Brittle Chandler characters have been transferred to the screen with punch by Howard Hawks’ production and direction, providing full load of rough, tense action most of the way.
Humphrey Bogart as Philip Marlowe and Lauren Bacall as Vivian, Marlowe’s chief romantic interest, make a smooth team to get over the amatory play and action in the script. Hawks has given story a staccato pace in the development, using long stretches of dialogless action and then whipping in fast talk between characters. This helps to punch home high spots of suspense, particularly in latter half of picture.
Chandler plot deals with adventures of Bogart when he takes on a case for the eccentric Sternwood family. There are six deaths to please whodunit fans, plenty of lusty action, both romantic and physical, as Bogart matches wits with dealers in sex literature, blackmail, gambling and murder. Before he closes his case he has dodged sudden death, been unmercifully beaten, threatened, fought off mad advances of one of the Sternwood females, and fallen in love with another.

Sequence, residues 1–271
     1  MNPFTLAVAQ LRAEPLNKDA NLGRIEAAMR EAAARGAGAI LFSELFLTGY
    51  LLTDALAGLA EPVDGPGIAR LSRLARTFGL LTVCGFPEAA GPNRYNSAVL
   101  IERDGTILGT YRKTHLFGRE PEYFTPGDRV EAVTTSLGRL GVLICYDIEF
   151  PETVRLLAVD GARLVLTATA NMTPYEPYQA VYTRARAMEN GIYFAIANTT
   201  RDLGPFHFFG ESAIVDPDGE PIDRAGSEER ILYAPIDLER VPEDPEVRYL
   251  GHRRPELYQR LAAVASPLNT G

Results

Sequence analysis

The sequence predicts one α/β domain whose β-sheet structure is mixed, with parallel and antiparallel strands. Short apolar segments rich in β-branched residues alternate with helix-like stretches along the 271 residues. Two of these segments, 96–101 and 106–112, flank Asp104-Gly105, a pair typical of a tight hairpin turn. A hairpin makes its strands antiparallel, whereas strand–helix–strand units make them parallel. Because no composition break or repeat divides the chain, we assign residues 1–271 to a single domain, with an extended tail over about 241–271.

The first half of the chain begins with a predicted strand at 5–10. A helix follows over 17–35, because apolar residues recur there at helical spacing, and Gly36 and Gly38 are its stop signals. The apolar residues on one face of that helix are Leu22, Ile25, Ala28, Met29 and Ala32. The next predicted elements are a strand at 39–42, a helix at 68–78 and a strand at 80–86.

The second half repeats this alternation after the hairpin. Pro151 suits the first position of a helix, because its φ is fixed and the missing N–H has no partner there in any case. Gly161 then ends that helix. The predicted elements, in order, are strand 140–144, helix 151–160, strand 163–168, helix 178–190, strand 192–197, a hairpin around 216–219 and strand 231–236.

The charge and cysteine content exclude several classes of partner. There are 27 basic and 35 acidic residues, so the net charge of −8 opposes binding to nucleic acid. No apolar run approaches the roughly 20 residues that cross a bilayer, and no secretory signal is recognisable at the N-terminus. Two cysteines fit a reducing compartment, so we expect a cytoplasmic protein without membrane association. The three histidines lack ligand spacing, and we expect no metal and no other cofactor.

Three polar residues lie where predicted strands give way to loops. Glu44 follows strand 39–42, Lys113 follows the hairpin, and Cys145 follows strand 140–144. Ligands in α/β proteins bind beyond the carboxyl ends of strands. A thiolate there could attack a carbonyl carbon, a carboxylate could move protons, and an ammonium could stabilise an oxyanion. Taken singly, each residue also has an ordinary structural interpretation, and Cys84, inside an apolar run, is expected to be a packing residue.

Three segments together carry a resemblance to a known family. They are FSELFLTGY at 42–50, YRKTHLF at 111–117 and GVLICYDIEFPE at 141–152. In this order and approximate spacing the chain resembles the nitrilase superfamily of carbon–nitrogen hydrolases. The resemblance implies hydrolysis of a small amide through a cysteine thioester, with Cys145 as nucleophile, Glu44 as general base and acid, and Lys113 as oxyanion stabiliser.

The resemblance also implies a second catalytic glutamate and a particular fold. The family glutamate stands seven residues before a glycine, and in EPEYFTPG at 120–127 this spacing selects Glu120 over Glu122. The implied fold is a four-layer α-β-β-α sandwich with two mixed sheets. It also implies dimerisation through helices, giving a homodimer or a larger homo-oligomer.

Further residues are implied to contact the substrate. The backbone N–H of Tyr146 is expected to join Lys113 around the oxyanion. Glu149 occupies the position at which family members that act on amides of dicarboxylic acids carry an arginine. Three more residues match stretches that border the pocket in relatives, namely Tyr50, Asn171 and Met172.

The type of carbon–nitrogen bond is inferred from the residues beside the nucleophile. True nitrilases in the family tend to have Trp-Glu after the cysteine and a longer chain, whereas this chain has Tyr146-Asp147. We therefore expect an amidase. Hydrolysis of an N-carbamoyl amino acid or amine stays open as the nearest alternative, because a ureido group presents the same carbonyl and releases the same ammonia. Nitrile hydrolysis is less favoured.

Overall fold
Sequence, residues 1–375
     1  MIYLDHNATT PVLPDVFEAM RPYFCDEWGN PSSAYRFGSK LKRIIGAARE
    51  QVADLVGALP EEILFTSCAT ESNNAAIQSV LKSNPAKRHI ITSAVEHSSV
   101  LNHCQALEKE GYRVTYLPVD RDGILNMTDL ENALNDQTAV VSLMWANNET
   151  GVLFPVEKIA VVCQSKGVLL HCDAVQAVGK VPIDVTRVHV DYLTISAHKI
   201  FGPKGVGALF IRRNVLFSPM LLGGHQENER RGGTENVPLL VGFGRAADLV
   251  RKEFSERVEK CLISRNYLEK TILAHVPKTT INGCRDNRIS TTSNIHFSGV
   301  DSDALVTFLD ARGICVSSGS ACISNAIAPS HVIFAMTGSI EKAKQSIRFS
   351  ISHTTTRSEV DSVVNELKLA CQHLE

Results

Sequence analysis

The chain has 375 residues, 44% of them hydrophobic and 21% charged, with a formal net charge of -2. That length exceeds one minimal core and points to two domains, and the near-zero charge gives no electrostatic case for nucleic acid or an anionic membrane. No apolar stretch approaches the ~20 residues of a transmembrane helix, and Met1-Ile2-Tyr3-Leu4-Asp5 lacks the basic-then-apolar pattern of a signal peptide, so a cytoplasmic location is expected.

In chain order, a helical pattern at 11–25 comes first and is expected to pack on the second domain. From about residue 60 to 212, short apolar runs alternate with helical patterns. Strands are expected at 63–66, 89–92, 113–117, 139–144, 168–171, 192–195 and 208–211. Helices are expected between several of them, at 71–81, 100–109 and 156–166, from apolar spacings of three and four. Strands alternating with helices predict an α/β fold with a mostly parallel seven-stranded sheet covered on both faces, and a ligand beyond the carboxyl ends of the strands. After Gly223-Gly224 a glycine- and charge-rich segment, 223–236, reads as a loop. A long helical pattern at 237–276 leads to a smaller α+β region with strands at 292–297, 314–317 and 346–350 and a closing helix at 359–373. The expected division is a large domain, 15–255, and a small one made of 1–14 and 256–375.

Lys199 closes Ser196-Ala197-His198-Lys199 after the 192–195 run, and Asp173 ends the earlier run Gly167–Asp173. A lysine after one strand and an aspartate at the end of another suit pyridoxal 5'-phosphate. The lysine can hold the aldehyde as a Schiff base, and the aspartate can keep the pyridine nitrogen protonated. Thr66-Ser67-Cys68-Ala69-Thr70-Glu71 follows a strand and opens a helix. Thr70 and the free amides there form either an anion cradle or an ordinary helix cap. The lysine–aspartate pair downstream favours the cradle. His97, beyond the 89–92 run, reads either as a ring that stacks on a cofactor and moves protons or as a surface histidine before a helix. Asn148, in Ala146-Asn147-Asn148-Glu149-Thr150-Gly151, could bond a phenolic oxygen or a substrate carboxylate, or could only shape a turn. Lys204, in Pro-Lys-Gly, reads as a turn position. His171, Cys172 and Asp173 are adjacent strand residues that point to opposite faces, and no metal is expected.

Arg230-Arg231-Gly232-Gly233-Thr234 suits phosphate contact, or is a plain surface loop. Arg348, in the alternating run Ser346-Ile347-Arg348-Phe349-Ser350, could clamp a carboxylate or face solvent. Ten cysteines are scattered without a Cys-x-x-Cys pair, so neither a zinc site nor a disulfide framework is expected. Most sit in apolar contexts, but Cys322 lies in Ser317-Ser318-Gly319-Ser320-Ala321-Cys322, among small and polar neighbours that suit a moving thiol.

Some good scenes are tossed to others in the cast. Dorothy Malone, a bookshop proprietress, has her big moment in a sequence shot with sex implications as she goes on the make for Bogart.
[In 1996 a 116-min. version, containing 18 mins. of previously unseen footage, a clearer plot, and less of Lauren Bacall, was unearthed. This had been shown to US troops overseas in 1945; subsequently, in early 1946, Warner had shot extra material for the final release version.]